I consider myself an orthodox Christian.
Not Eastern, but orthodox in the sense that I adhere to the essential core doctrines of Christianity, like the Trinity, Original Sin, two natures of Christ, the real resurrection, etc…
I also belong a Lutheran denomination (ELCIC) that allows same-sex marriage, ordains women and LGBT people, teaches its pastors historical-critical methods of biblical scholarship, and does any number of other things that many Christians consider heretical.
There is an inherent difficulty in operating in an orthodox and small “c” conservative faith tradition while adopting socially progressive ethics and post-modern scholarship. This difficulty has been churning in the back of my mind for months, and this week it is about to come to the forefront.
My wife and I are headed to the Why Christian? Conference hosted by Nadia Bolz-Weber and Rachel Held Evans. In preparation for the conference, Rachel Held Evans asked the question on her Facebook page “why christian?”
And the question was asked in light of recent events in news: The hype around Kim Davis’ stand for “Christian values” in refusing to issue marriage licenses for same-sex couples contrasted by the photos of a dead three-year-old Syrian refugee washing up on a Turkish beach.
When fellow Christians are rallying behind someone trying to use the government to impose her beliefs on others in the name of religious freedom, how does one stick with this Christianity business?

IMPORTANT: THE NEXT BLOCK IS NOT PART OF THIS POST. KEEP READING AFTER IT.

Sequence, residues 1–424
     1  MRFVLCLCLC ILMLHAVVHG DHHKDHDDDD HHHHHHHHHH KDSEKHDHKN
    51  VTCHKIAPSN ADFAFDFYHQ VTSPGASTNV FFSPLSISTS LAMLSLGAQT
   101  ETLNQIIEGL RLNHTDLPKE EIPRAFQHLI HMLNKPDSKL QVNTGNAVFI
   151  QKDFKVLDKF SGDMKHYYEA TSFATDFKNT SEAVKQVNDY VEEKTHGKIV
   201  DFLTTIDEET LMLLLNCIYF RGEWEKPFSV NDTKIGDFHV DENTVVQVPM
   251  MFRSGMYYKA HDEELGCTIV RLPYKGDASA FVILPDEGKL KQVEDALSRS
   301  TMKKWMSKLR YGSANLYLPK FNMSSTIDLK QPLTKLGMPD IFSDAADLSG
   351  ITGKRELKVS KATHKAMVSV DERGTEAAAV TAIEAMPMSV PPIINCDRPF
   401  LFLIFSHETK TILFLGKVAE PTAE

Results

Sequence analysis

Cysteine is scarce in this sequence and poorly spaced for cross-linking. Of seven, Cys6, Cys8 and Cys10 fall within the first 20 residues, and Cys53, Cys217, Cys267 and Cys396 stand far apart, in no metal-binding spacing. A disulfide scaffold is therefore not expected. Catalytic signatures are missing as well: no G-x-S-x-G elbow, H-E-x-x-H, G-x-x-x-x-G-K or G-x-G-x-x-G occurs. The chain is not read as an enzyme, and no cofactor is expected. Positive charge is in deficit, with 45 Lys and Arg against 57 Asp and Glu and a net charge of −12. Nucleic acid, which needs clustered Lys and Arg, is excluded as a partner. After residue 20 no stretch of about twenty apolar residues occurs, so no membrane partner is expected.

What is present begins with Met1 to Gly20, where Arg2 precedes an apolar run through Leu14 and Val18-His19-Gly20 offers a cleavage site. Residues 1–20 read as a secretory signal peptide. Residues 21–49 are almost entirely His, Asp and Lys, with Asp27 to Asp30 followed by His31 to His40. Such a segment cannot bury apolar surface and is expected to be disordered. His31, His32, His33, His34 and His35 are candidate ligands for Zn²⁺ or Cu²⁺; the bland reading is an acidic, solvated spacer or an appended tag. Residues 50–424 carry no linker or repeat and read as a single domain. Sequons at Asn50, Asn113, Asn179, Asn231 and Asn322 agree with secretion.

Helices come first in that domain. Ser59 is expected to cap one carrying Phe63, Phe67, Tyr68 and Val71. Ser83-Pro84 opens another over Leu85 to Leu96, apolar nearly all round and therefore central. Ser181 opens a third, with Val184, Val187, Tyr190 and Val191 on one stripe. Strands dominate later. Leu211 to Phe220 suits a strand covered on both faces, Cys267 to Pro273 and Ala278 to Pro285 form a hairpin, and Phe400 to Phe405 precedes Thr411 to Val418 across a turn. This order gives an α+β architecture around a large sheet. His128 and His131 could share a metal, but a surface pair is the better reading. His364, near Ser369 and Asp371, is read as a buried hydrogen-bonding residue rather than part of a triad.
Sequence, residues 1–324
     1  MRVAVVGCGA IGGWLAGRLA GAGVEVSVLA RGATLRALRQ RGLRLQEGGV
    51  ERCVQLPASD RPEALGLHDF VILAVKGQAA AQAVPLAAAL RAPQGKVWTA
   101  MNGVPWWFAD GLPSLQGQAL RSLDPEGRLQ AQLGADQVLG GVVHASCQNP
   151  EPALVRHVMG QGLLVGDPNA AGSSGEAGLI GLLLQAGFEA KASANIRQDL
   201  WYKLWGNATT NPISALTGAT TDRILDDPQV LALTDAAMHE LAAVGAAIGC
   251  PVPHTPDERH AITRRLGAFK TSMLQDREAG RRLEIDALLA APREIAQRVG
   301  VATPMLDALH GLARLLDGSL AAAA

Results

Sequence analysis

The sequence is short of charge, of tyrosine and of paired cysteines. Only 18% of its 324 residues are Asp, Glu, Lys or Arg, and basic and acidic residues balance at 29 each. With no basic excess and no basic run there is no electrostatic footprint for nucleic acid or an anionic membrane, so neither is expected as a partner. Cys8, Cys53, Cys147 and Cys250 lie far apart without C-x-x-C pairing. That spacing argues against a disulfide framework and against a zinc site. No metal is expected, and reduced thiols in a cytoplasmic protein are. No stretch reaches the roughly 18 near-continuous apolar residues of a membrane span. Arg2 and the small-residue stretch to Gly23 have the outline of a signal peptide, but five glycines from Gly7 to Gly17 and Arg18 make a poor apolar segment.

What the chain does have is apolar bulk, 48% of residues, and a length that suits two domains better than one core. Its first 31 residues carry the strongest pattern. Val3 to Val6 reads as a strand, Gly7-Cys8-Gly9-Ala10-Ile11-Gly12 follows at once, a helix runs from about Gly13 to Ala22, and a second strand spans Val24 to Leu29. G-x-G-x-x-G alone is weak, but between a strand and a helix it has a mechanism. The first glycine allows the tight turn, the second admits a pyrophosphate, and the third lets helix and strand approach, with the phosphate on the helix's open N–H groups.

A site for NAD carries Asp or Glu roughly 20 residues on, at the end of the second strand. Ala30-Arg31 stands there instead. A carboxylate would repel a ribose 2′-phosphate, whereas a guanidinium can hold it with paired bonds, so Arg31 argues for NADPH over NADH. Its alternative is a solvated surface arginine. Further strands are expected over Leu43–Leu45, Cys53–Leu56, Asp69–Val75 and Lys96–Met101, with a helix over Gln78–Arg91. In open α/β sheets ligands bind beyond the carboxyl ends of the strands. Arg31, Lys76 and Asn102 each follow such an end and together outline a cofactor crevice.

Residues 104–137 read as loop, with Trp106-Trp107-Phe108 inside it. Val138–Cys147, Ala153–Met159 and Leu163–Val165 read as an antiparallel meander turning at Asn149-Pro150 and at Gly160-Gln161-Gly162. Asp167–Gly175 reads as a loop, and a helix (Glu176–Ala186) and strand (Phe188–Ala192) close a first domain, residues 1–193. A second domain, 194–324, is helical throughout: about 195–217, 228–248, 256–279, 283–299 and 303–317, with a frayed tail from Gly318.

When ‘Christian nations’ seem so passive about doing anything about the plight of refugees escaping violence because they are muslims, how do you continue to call yourself Christian?
By definition, Christianity is a conservative faith. No, not conservative in the political sense. Christianity is conservative in the practical sense. Christianity seeks to maintain, protect, promote and conserve the teaching, preaching and good news of God in Jesus Christ. Christianity is trying to bring the past forward – a conservative way of being. And yet, along the way Christianity has also conserved things like patriarchy, sexism, systems of power and abuse, bigotry and racism, judgementalism and close-mindedness.
Christianity has a lot of baggage to contend with, and our baggage is frequently getting in our own way. Our baggage is often the thing Christians mistakenly hold up and shout loudly to the world that this is what God – not just Christianity – is all about.
A common refrain among those who struggle with the conservative baggage has been to drop the Christian label in favour of “following Jesus.” And who can blame them? Considering the Christianity that is so frequently presented in the media and practiced so widely, or when Kim Davis or Donald Trump or Fox News is our spokesperson, we should want to say, “I am not with them.”